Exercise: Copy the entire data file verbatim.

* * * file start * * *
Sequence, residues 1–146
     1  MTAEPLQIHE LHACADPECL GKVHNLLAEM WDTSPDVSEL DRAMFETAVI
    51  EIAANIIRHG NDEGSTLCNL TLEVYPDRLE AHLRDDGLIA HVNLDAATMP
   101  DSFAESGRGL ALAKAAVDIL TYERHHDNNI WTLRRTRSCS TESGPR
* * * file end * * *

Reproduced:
Sequence, residues 1–146
     1  MTAEPLQIHE LHACADPECL GKVHNLLAEM WDTSPDVSEL DRAMFETAVI
    51  EIAANIIRHG NDEGSTLCNL TLEVYPDRLE AHLRDDGLIA HVNLDAATMP
   101  DSFAESGRGL ALAKAAVDIL TYERHHDNNI WTLRRTRSCS TESGPR